Maritime Southeast Asia (as opposed to mainland Southeast Asia) comprises the countries of Brunei, Indonesia, Malaysia, the Philippines, Singapore, and East Timor. Maritime Southeast Asia is sometimes also referred to as Island Southeast Asia, Insular Southeast Asia or Oceanic Southeast Asia. The 16th-century term "East Indies" and the later 19th-century term "Malay Archipelago" are also used to refer to maritime Southeast Asia.
In Indonesia and Malaysia, the Old Javanese term "Nusantara" is also used as a synonym for Maritime Southeast Asia. The term, however, is nationalistic and has shifting boundaries. It usually only encompasses the Malay Peninsula, the Sunda Islands, Maluku, and often Western New Guinea; excluding the Philippines and Papua New Guinea.
Stretching for several thousand kilometres, the area features a very large number of islands and boasts some of the richest marine, flora and fauna biodiversity on Earth.
The main demographic difference that sets Maritime Southeast Asia apart from modern Mainland Southeast Asia is that its population predominantly belongs to Austronesian groups. The region contains some of the world's most highly urbanized areas: Greater Jakarta, Metro Manila, Greater Kuala Lumpur and Singapore; and yet a majority of islands in this vast region remain uninhabited by humans.
The major groupings are:
In the natural sciences, the region is sometimes known as the Maritime Continent. It also corresponds to the biogeographical region of Malesia (not to be confused with "Malaysia"), with shared tropical flora and fauna.
Geologically, the archipelago is one of the most active volcanic regions in the world, producing many volcanoes, especially in Java, Sumatra and the Lesser Sunda Islands region, where most volcanoes over 3,000 m (9,843 ft) are situated. Tectonic uplifts also produced large mountains, including the highest in Mount Kinabalu in Sabah, Malaysia, with a height of 4,095.2 m and Puncak Jaya on Papua, Indonesia at 4,884 m (16,024 ft). Other high mountains in the archipelago include Puncak Mandala, Indonesia at 4,760 m (15,617 ft) and Puncak Trikora, Indonesia, at 4,750 m (15,584 ft).
The climate throughout the archipelago is tropical, owing to its position on the equator.
As of 2017, there were over 540 million people live in the region, with the most populated island being Java. The people living there are predominantly from Austronesian subgroupings and correspondingly speak western Malayo-Polynesian languages. This region of Southeast Asia shares social and cultural ties with both the peoples of mainland Southeast Asia and with other Austronesian peoples in the Pacific. Islam is the predominant religion, with Christianity being the dominant religion in the Philippines and East Timor. Buddhism, Hinduism, and traditional Animism are also practiced among large populations.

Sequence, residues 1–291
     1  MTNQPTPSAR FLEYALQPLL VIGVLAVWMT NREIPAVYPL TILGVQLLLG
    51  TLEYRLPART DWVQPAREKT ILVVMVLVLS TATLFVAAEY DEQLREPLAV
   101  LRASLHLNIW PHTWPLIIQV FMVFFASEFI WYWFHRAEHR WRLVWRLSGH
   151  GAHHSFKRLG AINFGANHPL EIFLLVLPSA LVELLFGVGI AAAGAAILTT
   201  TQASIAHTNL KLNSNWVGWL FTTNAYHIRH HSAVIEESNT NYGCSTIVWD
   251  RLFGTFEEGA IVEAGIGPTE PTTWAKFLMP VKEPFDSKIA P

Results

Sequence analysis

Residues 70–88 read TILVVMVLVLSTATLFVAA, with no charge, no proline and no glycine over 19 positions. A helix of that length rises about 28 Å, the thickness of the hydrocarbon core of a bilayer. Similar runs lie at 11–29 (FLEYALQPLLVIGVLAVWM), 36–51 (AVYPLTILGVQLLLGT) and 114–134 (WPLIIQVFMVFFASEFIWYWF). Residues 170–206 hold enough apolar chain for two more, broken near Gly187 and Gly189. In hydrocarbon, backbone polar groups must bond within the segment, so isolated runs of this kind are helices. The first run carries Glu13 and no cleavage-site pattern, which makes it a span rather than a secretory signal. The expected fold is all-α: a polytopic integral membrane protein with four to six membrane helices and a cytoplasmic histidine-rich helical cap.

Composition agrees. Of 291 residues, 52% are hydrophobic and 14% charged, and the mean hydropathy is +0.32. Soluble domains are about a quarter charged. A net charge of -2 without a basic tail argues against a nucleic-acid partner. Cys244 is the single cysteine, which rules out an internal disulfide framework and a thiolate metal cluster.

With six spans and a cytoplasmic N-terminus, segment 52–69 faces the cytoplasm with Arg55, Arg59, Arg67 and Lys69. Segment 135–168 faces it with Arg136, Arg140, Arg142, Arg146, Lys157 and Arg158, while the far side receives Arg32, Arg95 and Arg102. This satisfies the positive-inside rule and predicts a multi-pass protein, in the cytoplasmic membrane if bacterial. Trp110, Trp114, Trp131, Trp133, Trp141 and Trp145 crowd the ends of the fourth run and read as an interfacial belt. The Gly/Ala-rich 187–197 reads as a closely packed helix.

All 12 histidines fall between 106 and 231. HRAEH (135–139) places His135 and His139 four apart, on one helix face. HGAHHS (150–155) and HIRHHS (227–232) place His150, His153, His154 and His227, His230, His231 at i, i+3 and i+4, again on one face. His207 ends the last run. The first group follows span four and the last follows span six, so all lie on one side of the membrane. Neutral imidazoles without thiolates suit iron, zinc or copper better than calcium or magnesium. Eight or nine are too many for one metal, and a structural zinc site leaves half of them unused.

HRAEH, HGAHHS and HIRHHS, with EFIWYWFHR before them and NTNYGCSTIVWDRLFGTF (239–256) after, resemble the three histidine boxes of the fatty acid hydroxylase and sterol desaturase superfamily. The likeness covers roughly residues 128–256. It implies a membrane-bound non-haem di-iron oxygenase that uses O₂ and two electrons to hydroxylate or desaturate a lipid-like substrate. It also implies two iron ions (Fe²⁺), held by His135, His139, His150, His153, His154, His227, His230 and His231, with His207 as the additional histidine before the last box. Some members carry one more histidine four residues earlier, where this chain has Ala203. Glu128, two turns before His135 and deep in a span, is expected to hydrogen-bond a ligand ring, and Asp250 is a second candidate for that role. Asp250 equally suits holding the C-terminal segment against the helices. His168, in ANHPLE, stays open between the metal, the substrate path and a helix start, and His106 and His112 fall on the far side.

Historically, the region has been referred to as part of Greater India, as seen in Coedes' Indianized States of Southeast Asia, which refers to it as "Island Southeast Asia"; and within Austronesia or Oceania, due to shared ethnolinguistic and historical origins of the latter groups (Micronesian and Polynesian groups) being from this region.
Historians have emphasized the maritime connectivity of the Southeast Asian region whereby it can be analyzed as a single cultural and economic unit, as has been done with the Mediterranean basin. This region stretches from the Yangtze delta in China down to the Malay Peninsula, including the South China Sea, Gulf of Thailand and Java Sea. The region was dominated by the thalassocratic cultures of the Austronesian peoples.
The first true maritime trade network in the Indian Ocean was by the Austronesian peoples of Island Southeast Asia, who built the first ocean-going ships. They established trade routes with Southern India and Sri Lanka as early as 1500 BC, ushering an exchange of material culture (like catamarans, outrigger boats, lashed-lug and sewn-plank boats, and paan) and cultigens (like coconuts, sandalwood, bananas, and sugarcane); as well as connecting the material cultures of India and China. Indonesians, in particular were trading in spices (mainly cinnamon and cassia) with East Africa using catamaran and outrigger boats and sailing with the help of the Westerlies in the Indian Ocean. This trade network expanded to reach as far as Africa and the Arabian Peninsula, resulting in the Austronesian colonization of Madagascar by the first half of the first millennium AD. It continued up to historic times.
The ancient Austronesian trade networks was later used by the first Chinese trading fleets of the Song Dynasty at around 900 AD. It led to a renewed flourishing of trade between China and Southeast Asia, now known as the Maritime Silk Road. Demand for Southeast Asian products and trade was partially driven by the increase in China's population in this era, whereby it doubled from 75 to 150 million.
Trade with China ceased after the collapse of the Song Dynasty due to invasions and famine. It was restored during the Ming Dynasty from the 14th to 16th centuries. The naval expeditions of Zheng He between 1405 and 1431 also played a critical role in opening up of China to increased trade with Southeast Asian polities.
Chinese trade was strictly controlled by the Imperial Court, but the Hokkien diaspora facilitated informal trade and cultural exchange with Southeast Asia, settling among Southeast Asian polities during this time period. Despite not having the official sanction of the Chinese government these communities formed business and trade networks between cities such as Melaka, H?i An and Ayutthaya. Many of these Chinese businesspeople integrated into their new countries, becoming political officials and diplomats.